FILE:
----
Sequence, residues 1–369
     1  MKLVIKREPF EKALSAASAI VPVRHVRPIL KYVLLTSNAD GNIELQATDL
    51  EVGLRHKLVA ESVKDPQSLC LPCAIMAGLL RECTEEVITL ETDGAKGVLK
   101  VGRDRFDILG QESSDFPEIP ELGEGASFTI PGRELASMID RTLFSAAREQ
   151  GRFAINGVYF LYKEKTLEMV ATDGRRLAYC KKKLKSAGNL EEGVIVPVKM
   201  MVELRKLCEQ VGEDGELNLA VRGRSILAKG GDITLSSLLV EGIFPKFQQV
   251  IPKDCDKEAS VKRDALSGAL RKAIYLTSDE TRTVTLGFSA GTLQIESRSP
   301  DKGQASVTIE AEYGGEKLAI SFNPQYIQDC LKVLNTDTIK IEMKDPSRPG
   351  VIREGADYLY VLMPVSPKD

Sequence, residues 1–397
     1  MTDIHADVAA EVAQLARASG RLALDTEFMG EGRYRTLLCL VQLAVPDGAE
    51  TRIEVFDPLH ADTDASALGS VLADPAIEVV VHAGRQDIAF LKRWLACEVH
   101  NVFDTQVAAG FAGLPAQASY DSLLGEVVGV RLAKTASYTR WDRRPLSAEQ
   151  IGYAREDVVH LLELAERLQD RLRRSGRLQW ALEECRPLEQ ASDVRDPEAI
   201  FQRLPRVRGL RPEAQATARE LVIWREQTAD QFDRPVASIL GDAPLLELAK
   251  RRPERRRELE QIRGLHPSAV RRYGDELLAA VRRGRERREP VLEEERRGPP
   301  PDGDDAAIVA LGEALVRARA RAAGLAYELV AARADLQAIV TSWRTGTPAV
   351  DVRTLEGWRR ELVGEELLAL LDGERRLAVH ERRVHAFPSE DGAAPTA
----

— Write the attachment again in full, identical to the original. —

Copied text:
Sequence, residues 1–369
     1  MKLVIKREPF EKALSAASAI VPVRHVRPIL KYVLLTSNAD GNIELQATDL
    51  EVGLRHKLVA ESVKDPQSLC LPCAIMAGLL RECTEEVITL ETDGAKGVLK
   101  VGRDRFDILG QESSDFPEIP ELGEGASFTI PGRELASMID RTLFSAAREQ
   151  GRFAINGVYF LYKEKTLEMV ATDGRRLAYC KKKLKSAGNL EEGVIVPVKM
   201  MVELRKLCEQ VGEDGELNLA VRGRSILAKG GDITLSSLLV EGIFPKFQQV
   251  IPKDCDKEAS VKRDALSGAL RKAIYLTSDE TRTVTLGFSA GTLQIESRSP
   301  DKGQASVTIE AEYGGEKLAI SFNPQYIQDC LKVLNTDTIK IEMKDPSRPG
   351  VIREGADYLY VLMPVSPKD

Sequence, residues 1–397
     1  MTDIHADVAA EVAQLARASG RLALDTEFMG EGRYRTLLCL VQLAVPDGAE
    51  TRIEVFDPLH ADTDASALGS VLADPAIEVV VHAGRQDIAF LKRWLACEVH
   101  NVFDTQVAAG FAGLPAQASY DSLLGEVVGV RLAKTASYTR WDRRPLSAEQ
   151  IGYAREDVVH LLELAERLQD RLRRSGRLQW ALEECRPLEQ ASDVRDPEAI
   201  FQRLPRVRGL RPEAQATARE LVIWREQTAD QFDRPVASIL GDAPLLELAK
   251  RRPERRRELE QIRGLHPSAV RRYGDELLAA VRRGRERREP VLEEERRGPP
   301  PDGDDAAIVA LGEALVRARA RAAGLAYELV AARADLQAIV TSWRTGTPAV
   351  DVRTLEGWRR ELVGEELLAL LDGERRLAVH ERRVHAFPSE DGAAPTA